In her documentary Dykes in the Streets, director Almerinda Travassos takes audiences back to the volatile summer of 1981 where the very first Dyke March took place. It was a day when 300 women marched down Yonge Street in solidarity against the right-wing push to control their lives and identity. Although women did not have to endure the bathhouse police raids that their male counterparts encountered, lesbians had their own share of terrors to deal with.
They faced threats of having their children taken away or being fired from jobs, including being kicked out of the military, for simply existing as a visible lesbian. Couple all of this with the wave of homophobic rhetoric that was being spouted by right-wing movements, such as the ones lead by American Anita Bryant, and the suffocating nature of the era was palpable. Even walking down Yonge Street chanting “We are the D. Y. K. E. S!” was as dangerous to their personal safety as it was empowering.
Using archival footage, and interviews with various women who have participated in the march over the years, Travassos constructs a board portrait of how the it evolved over the years. Looking at four specific years – 1981, 1991, 1996 and 2016 – Dykes in the Streets is both a celebration and a cautionary tale. In highlighting the unity achieved in 1981, the film shows how easily such accomplishments can be put in danger when movements become too comfortable.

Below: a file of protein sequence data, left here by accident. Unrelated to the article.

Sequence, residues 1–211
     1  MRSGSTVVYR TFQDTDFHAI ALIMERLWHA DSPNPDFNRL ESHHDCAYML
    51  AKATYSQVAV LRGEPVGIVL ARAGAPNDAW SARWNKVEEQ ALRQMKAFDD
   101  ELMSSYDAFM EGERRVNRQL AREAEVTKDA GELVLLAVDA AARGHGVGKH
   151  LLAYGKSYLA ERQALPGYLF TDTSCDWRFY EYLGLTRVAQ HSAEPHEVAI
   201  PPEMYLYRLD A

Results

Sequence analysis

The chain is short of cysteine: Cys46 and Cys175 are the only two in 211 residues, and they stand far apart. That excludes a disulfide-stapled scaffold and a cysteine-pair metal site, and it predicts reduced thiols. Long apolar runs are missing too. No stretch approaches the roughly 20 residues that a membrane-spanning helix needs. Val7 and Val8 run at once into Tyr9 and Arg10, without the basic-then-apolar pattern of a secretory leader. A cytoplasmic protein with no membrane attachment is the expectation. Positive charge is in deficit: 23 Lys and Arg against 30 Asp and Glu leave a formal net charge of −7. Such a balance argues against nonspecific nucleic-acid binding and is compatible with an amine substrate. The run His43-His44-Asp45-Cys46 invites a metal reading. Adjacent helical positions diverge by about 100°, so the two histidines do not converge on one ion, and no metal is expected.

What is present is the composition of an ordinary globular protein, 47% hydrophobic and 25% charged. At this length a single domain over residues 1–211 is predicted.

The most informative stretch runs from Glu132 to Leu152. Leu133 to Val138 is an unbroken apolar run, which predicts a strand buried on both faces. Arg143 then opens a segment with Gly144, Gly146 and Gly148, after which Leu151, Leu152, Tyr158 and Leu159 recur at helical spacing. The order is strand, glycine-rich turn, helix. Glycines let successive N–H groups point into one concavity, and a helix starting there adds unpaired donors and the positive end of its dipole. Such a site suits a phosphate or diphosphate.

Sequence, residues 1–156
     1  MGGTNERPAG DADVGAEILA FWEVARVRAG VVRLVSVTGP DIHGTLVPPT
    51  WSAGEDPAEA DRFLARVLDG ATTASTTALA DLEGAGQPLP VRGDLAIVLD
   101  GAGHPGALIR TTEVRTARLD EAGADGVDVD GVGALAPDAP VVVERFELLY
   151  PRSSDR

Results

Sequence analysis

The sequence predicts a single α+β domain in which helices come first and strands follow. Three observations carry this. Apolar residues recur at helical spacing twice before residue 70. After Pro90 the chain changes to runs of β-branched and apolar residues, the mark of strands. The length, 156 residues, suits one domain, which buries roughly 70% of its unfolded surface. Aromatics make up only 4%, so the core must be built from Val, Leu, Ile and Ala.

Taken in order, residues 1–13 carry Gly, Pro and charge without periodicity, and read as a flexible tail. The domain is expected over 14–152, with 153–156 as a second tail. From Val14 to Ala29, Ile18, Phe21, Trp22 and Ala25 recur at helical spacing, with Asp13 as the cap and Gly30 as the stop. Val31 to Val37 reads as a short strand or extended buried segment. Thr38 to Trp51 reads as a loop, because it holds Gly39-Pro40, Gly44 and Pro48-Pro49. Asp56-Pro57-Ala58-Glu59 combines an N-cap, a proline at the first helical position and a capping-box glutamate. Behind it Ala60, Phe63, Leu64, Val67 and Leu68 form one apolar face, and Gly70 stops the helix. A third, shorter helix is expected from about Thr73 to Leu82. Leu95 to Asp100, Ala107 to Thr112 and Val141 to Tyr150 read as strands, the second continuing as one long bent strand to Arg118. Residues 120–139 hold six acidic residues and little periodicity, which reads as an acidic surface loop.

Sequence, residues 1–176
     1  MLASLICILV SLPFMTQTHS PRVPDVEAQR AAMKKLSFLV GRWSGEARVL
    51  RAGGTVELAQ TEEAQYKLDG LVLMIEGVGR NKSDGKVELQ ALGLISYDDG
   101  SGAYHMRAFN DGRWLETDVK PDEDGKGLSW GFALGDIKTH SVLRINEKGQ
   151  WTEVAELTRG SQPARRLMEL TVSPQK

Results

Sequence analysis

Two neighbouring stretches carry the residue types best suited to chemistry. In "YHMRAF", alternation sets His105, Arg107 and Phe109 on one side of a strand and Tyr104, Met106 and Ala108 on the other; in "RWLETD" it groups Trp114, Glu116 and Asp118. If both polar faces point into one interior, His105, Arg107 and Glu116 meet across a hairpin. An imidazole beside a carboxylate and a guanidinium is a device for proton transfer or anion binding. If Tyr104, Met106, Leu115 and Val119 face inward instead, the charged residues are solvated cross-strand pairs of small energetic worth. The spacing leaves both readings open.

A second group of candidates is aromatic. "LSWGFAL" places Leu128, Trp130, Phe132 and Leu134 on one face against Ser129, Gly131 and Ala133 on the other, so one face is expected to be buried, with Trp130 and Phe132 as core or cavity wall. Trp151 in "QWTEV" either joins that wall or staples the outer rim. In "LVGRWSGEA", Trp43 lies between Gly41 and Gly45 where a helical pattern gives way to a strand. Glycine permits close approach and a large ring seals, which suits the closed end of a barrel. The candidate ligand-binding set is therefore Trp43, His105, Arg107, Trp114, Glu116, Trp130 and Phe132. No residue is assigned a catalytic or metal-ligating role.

In observing the woman discuss the racism that exists in a community that is still predominantly governed by white women; the adversities facing those who are transgendered and/or disabled; and the resurgence of the far-right politics in the time of Trump, Travassos reminds the viewer that there is still a lot of work that needs to be done before all women in the LGBTQ2S+ community have true freedom and equality.